Viktor Orbán gave a speech at the anniversary celebrations of the prestigious Swiss conservative weekly Weltwoche, which turned 90 years old this year. “Weltwoche is not like a mainstream medium, and I am not like a mainstream politician,” he declared at the event.
The prime minister noted that European politics would be poorer without Weltwoche. While the general trend is towards progressive liberalism,
…it is reassuring that there are still places in Europe where one can speak freely,” such as Switzerland.
He noted that elections will be held in the European Union next year and the balance of power there will also have an impact on Switzerland, affecting, for instance, the country’s participation in the common market. He added that as EU Council President in the second half of next year, Hungary will have the opportunity to shape the EU agenda, including the possibility to have a greater influence on the development of EU policy than at present.
Viktor Orbán warned that
Europe is not in control of itself today, its share of world GDP is declining and by 2030, only Germany will be in the bottom ten, in last place.
He said it was an important question whether Europe would succeed in preserving its strategic sovereignty. He noted that “Europe’s fate today is chained to the United State’s,” meaning that if Washington loses ground, we will also suffer the consequences.
The Hungarian politician pointed out that Europe has also lost its great politicians.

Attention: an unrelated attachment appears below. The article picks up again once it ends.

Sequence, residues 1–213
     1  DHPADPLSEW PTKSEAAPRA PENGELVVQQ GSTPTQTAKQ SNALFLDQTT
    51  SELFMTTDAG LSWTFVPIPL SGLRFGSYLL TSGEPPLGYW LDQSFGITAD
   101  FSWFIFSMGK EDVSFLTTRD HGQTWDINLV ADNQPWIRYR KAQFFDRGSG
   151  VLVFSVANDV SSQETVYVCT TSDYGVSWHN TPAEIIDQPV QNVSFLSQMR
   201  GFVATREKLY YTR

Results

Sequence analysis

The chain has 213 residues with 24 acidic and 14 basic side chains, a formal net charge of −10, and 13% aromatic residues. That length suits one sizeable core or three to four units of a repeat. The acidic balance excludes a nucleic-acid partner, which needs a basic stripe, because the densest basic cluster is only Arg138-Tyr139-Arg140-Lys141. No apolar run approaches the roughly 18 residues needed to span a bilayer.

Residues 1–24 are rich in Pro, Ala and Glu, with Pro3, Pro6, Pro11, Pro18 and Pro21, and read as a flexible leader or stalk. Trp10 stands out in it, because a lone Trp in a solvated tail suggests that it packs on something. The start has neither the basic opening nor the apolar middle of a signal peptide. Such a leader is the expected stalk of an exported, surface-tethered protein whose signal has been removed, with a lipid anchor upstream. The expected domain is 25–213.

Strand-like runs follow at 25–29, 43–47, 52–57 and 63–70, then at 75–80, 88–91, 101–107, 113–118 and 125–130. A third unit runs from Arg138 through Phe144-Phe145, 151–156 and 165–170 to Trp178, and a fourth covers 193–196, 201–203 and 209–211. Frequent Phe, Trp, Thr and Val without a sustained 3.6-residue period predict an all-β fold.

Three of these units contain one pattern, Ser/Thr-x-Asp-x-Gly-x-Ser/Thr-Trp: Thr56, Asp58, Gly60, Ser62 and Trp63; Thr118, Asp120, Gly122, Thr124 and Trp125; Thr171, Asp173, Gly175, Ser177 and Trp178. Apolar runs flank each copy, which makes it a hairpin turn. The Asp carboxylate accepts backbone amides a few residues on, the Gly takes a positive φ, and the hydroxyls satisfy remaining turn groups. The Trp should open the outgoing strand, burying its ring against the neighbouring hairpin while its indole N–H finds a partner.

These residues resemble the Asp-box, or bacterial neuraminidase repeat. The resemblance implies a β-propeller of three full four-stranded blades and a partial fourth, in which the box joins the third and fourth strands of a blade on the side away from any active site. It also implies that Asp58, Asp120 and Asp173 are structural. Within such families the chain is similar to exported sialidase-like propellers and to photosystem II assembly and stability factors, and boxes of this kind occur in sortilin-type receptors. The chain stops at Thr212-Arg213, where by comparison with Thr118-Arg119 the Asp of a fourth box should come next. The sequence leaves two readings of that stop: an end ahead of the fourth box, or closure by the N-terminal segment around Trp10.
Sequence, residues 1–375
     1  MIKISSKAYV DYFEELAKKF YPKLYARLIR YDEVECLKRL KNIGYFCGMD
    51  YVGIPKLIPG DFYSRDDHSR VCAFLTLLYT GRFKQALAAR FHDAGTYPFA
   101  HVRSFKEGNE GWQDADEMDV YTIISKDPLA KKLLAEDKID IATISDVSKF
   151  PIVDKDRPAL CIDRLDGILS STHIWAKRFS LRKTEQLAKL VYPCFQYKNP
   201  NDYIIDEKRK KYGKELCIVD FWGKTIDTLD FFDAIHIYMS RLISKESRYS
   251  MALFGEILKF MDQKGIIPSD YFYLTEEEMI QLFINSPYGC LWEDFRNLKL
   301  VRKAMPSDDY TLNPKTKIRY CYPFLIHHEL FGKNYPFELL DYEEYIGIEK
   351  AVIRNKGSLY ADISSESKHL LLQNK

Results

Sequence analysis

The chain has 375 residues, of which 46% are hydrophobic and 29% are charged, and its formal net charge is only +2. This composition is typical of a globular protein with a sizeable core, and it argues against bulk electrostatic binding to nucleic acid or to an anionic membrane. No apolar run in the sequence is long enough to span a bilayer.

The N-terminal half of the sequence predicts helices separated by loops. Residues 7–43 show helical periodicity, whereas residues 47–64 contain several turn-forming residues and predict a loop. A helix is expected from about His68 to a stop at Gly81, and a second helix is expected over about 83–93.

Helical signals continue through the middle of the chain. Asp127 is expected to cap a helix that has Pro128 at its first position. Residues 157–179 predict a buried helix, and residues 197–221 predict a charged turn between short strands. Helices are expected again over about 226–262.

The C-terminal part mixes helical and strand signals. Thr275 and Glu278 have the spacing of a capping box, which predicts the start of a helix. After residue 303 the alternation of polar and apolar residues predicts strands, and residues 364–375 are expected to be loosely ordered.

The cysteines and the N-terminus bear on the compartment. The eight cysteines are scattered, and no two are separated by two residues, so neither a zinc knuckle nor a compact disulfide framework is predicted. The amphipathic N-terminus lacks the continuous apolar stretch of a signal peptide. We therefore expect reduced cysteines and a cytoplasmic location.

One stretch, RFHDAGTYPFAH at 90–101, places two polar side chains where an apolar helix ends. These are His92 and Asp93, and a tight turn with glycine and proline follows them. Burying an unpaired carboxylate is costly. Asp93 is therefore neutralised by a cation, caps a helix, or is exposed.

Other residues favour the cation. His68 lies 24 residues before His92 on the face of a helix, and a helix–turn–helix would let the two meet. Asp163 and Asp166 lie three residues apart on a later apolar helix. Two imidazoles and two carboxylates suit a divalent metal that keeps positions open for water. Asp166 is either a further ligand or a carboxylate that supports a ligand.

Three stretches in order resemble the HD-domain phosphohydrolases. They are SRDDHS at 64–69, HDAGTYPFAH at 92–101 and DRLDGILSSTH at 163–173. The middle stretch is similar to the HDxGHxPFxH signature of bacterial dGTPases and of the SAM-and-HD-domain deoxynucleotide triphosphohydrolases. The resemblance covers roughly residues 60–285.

When the generation of German Chancellor Helmut Kohl and French President Jacques Chirac left politics, the EU lost the ability to have leaders capable of decisive action,
He added that while there is a lack of strong politicians, bureaucrats are everywhere. “Former European Commission President Jean-Claude Juncker has proclaimed that the Brussels Commission has become a political body. But this is not what such an institution is really good at, only politicians can make the changes Europe needs,” he said. In his opinion, the political leadership of the EU should be provided by the European Council, made up of the heads of state and government of the Member States, but the central institutions are currently characterized by a progressive liberalism imported from the United States.
Instead of progressive liberal hegemony, Hungary has a pluralist, sovereign position, and “the good news is that it works,”
the Prime Minister said, recalling that he himself has been in politics for 33 years, 17 of which he has spent in government, making him the most experienced leader in the EU.
The podium discussion followed the speech in a packed room in Zurich, and was moderated by Roger Köppel, the editor-in-chief of Weltwoche, founded 90 years ago. Among many other illustrious guests were this year’s Hungarian Nobel Prize winner Ferenc Krausz and former Czech Prime Minister Václav Klaus, whom Orbán greeted as the “intellectual standard-bearer” of European conservative politics.
Among other things, the prime minister stressed the existence of Swiss-Hungarian friendship. He thanked Switzerland for taking in Hungarian refugees in 1956, and the refugees themselves for having earned the respect of the Alpine country.
Via MTI, Featured image: MTI/Miniszterelnöki Sajtóiroda/Benko Vivien Cher